Personalized Soldier Avatar

2022 - Current
Project Leader: Arno Hartholt, Sharon Mozgai

Military simulations, such as the Army’s Synthetic Training Environment (STE), could benefit from personalized soldier avatars (digital representations of real people) as these reflect the capabilities of individual soldiers and can enhance engagement, accelerate interpersonal skills learning, and improve health outcomes. For the Army, augmenting live training with virtual training allows soldiers to practice and consolidate important battlefield decision-making and individual skills in a safe and cost-effective manner.

By creating personalized soldier avatars that reflect actual individual attributes (e.g., fitness level, marksmanship scores, weapon training, individual skills, cognition, and more) we have the potential to increase realism and provide a more effective training environment. In addition, personalized avatars can be leveraged in Multi-Domain Operations (MDO), flight and vehicle simulations, supporting the Future Vertical Lift (FVL), STE Cross-Functional Team (CFT) and Next Generation Combat Vehicles (NGCV) CFT, as well as in telepresence use cases, supporting the Soldier Lethality (SL) CFT, particularly Integrated Visual Augmentation System (IVAS), and the Network (NET) CFT.

Personalized avatars have many benefits, from increasing engagement to accelerating skill learning. If the avatar that a soldier uses in a simulation looks, behaves, and interacts like that soldier as much as possible, what effect would that have on training, as an individual or in a team context? Would the avatar have an effect on the soldier’s behavior in the real world?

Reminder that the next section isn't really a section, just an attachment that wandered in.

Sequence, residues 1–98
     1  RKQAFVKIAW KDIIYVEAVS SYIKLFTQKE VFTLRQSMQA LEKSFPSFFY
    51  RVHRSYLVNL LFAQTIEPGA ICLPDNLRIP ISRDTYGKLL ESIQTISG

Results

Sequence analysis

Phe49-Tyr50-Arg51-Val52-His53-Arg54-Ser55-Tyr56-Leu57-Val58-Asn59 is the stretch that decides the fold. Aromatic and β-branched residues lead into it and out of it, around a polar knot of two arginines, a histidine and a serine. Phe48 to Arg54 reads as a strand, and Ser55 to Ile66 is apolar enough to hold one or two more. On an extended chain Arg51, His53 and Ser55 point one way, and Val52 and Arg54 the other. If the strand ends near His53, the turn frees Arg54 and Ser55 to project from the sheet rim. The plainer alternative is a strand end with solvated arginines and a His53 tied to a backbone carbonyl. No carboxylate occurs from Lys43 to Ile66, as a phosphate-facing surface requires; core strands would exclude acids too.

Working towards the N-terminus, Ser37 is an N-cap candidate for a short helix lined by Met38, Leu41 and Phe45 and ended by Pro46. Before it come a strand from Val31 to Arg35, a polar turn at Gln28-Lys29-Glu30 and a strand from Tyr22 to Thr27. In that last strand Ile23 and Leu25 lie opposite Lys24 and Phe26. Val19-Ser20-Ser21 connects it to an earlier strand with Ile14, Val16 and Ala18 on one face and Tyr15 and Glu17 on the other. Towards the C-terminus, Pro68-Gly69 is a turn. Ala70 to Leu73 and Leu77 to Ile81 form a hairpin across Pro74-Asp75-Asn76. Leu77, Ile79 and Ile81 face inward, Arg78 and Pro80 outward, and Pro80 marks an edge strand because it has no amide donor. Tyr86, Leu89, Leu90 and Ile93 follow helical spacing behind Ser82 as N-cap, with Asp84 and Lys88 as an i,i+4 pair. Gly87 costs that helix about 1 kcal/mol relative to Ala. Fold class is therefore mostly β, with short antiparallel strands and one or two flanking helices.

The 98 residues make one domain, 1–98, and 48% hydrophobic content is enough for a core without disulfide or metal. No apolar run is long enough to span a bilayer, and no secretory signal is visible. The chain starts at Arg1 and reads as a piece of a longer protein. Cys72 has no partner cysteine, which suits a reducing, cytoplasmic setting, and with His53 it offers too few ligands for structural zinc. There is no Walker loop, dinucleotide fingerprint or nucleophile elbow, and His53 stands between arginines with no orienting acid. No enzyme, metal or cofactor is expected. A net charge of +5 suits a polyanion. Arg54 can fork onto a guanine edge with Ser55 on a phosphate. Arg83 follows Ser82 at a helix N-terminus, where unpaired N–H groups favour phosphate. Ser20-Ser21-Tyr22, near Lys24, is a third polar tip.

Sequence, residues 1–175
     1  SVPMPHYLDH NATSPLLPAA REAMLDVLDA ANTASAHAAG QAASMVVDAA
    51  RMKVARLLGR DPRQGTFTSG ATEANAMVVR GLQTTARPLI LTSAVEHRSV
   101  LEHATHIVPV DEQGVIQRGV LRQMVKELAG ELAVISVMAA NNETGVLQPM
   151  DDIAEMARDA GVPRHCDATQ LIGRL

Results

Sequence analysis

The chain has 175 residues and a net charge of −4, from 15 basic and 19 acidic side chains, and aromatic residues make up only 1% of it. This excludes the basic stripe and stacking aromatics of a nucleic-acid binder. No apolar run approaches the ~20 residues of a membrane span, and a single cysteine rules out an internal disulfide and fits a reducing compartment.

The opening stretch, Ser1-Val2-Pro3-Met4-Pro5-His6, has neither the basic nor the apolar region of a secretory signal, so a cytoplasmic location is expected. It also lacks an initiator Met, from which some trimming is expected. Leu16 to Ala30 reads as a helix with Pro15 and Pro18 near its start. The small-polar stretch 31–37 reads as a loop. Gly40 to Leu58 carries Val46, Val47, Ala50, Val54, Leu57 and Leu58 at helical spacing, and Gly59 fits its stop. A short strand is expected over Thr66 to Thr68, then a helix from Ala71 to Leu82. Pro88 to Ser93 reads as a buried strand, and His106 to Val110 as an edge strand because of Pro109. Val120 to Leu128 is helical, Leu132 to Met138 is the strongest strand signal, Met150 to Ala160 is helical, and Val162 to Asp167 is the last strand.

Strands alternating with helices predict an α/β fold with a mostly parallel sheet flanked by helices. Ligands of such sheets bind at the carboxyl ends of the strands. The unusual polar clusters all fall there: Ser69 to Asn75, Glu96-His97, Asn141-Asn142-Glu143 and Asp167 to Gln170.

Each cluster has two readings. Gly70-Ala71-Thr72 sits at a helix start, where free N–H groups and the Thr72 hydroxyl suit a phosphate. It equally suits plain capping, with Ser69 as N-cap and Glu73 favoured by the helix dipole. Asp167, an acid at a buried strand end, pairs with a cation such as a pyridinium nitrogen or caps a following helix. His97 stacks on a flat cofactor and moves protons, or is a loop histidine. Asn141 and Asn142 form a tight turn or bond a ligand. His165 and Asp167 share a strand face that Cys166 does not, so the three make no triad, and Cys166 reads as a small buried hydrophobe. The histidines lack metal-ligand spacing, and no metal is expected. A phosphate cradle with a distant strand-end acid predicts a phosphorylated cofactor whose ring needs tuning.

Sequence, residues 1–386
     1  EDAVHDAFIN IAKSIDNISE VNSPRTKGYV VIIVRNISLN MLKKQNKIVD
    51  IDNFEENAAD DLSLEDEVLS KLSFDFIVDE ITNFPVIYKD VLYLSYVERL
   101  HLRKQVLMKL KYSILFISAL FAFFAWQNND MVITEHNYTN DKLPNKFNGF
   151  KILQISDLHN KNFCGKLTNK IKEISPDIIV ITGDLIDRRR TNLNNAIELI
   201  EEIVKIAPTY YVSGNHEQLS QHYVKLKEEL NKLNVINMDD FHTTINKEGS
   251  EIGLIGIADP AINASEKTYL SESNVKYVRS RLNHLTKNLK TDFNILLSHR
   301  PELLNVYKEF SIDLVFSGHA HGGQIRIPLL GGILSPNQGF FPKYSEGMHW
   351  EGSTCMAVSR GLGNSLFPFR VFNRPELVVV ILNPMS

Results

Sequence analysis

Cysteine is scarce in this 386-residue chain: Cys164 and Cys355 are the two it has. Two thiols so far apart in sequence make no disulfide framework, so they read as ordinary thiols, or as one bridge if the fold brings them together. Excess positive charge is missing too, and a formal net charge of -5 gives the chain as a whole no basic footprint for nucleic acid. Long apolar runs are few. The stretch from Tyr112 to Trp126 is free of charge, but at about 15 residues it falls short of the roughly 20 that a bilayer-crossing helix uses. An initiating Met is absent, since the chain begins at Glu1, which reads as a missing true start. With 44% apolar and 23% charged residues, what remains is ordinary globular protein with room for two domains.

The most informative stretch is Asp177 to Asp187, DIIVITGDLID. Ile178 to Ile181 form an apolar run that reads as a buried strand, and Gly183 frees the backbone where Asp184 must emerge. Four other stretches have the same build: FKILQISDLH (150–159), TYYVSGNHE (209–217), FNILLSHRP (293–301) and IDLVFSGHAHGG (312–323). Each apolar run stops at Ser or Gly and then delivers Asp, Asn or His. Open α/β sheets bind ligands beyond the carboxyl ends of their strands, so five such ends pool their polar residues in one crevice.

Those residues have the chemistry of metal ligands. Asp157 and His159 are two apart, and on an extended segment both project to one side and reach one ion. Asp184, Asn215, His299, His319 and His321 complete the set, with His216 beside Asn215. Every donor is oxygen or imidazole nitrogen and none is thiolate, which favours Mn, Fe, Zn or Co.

To answer these questions, we are developing an integrated personalized avatar testbed, leveraging both ICT’s Rapid Integration & Development Environment (RIDE) and Virtual Human Toolkit (VHToolkit), that combines academic and industry technologies into a common framework in support of rapidly developing new avatar-related prototypes.

We will then investigate the effect of soldiers using personalized avatars versus generic avatars in a combat simulation. Our aim is to understand whether witnessing a high-fidelity personalized avatar, resembling a close personal friend experiencing a combat injury, leads to different reactions compared to observing a generic avatar enduring a similar injury.

Using fMRI scanners, we will measure activation of the pain matrix and record specific readings from neural regions in the brain such as the supplementary motor area (SMA), dorsal anterior cingulate cortex (dACC), anterior midcingulate cortex (aMCC), anterior insula, and periaqueductal gray (PAG). Additionally, surveys will be conducted to record data on measures of closeness, sense of presence, empathy, immersion, and the uncanny valley. The research findings will contribute to establishing the significance of personalized avatars in military medical simulation and training.

Within the context of the Army’s Future Command’s Army Modernization efforts, this proposed work directly supports the CFT.

In Q4 2024, we will provide the Army, academic and S&T communities with valuable insights to further guide personalized avatar related S&T and vendor priorities and requirements, including the ability to rapidly create personalized avatar systems within the military domain to evaluate their efficacy.

Next Steps
ICT is currently creating a data store of personalized soldier avatars from photo capture sessions. Results will be integrated with RIDE and the VHToolkit in order to create a simulation with personalized avatars. The fMRI study in collaboration with the USC Brain and Creativity Institute (BCI) is slated for the summer of 2024. This project is funded by the 6.2 mission contract and is due for completion in 2024.

Published academic research papers are available here. For more information Contact Us

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